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SRA Advancing the Science Webinar Series:

Microbiota Informing NextGen Risks and Benefits

This webinar series sponsored by the Society for Risk Analysis (SRA) will introduce
advances in knowledge of the interactions of the human microbiome and the microbiota
of milk that impact estimation of risks and benefits to the human partner. The webinar
series is organized by partnering SRA Regional Organizations (Australia, New England,
New Zealand, and Upstate NY) as the first of three phases of a project entitled
Understanding Perceptions and Evidence of Benefits and Risks of Consuming Fresh
Unprocessed (Certified Raw or Raw Drinking) Milk.

Webinar speakers will assist the audience in understanding:

1. ourselves as superorganisms with microbial partners that play synergistic roles with our
innate immune systems in promoting health and protecting against pathogens
Dr. Rodney Dietert (Cornell University), Protecting the Human Superorganism
Tues Jan 24, 4 pm EST/Wed Jan 25: 8 am AEDT (Sydney); 10 am NZDT (Wellington);
2. {example content of interest} the roles of breast milk and its indigenous microbiota in
development and maintenance of healthy immune system development in offspring
Dr. Michelle McGuire, (Washington State University). Human Milk: Mother Natures Prototypical Probiotic
Food (Tues March 21, 1 pm PDT/4 pm EDT; Wed March 22: 8 am AEDT (Sydney); 10 am NZDT (Wellington);
3. {example content of interest} the roles of bovine milk and its indigenous microbiota in development and
maintenance of healthy immune systems in offspring; the density and composition of bovine milk
microbiota under different conditions (pasteurized and fresh unprocessed milk); implications in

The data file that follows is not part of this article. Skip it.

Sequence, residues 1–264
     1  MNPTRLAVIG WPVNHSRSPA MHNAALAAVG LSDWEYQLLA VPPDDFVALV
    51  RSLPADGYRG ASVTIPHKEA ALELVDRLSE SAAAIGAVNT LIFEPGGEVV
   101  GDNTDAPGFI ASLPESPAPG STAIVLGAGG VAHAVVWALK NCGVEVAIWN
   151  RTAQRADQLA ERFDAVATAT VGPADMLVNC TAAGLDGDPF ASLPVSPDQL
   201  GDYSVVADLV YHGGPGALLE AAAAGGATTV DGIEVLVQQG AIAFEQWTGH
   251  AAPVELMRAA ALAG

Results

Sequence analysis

development and maintenance of healthy offspring; research questions for risk assessment incorporating
data on the milk microbiome
Dr. Mark McGuire (University of Idaho), Bovine Milk Microbiota: Insights and Perspectives from Omics
Studies (Tues May 16 or 23, 1 pm PDT/4 pm EDT; Wed March 22: 6 am AEST (Sydney); 8 am NZST
4. Following the first three webinars from microbiota experts, Anne Mendelson (Culinary Historians of New
York) will present on the History of the Milk Wars based on her 2011 publication (date in July to be
5. A panel of microbial risk assessors will deliberate evidence of microbiota influences on risk and benefit for
fresh unprocessed and pasteurized milk (date in October to be determined).
The joint SRA project will culminate with exercises of analytic-deliberative process involving risk assessors,
communicators, and managers from around the world participating in an SRA workshop and a round table
symposium at the 2017 meeting (Arlington, VA, USA; December 10th 14th). Renowned SRA Fellows will be
facilitating the exercises of analytic-deliberative process at SRA 2017.

The major goals of the joint SRA project are to:

build a shared understanding of microbial benefits and risks for milk with stakeholders; and
facilitate a paradigm shift for an expanded framework for microbial benefit-risk assessment that
incorporates the superorganism, food microbiota, and interactions contributing to health and disease.